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The concept of territory in the late Anglo-Saxon and early Medieval cult of Saints in England

The concept of territory in the late Anglo-Saxon and early Medieval cult of Saints in England

By Carwyn Hywel Morris

M.Phil. thesis, University of Birmingham (2010)

Abstract: The Cult of Saints, the practice of venerating holy figures and their relics, and the events that surround such worship, was widespread in Anglo-Saxon and Medieval England. It was a cultural phenomenon that engaged all sections of society, and saints enjoyed high levels of popularity through their cults. Not all instances were the same, and cults differed in size and construction. The distances over which cults could command attention varied, as did the social groupings that they catered for.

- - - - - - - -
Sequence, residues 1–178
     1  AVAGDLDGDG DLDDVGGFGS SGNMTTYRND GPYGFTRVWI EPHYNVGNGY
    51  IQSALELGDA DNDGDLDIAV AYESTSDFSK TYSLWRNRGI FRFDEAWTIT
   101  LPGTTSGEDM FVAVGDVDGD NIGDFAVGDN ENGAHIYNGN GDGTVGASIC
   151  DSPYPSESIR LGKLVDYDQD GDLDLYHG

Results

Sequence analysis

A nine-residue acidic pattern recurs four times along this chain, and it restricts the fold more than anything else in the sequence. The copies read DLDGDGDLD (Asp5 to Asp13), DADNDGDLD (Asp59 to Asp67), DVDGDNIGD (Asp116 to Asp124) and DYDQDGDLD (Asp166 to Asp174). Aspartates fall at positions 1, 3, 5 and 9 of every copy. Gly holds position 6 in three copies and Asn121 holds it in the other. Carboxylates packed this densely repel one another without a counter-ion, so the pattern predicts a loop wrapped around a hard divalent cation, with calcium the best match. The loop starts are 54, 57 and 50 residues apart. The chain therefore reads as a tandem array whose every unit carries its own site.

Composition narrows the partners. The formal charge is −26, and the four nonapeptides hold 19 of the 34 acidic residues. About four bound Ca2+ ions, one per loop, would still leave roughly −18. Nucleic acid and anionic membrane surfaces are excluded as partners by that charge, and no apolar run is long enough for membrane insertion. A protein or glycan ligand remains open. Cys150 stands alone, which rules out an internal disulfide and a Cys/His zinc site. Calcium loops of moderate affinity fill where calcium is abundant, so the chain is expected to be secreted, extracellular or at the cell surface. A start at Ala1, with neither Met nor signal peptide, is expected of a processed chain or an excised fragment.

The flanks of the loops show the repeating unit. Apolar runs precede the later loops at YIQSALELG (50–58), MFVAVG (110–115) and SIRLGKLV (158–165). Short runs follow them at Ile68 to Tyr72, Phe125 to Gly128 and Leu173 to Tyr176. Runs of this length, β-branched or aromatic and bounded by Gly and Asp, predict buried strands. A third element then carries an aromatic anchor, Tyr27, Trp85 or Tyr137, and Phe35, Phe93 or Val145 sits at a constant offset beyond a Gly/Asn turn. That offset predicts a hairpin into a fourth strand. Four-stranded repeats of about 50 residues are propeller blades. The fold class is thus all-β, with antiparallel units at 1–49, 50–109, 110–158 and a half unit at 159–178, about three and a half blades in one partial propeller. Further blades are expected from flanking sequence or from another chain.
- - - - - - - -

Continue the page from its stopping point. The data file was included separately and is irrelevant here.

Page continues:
This work constitutes a discussion of the socio-geographic coverage of such relic cults in this period. Particular attention is paid to methodology and the value of specific types of evidence, including resting-place lists, hagiographical material and church dedications. Historians’ approaches to the subject are analysed, with special regard to previous attempts at describing areas of influence. The concept of ‘territory’ is introduced and defined, and proposed as a standard terminology which can be applied to all cults. Conclusions are drawn about the worth of the model and how it deals with such aspects such as cult expansion and development.

Click here to read this thesis from the University of Birmingham

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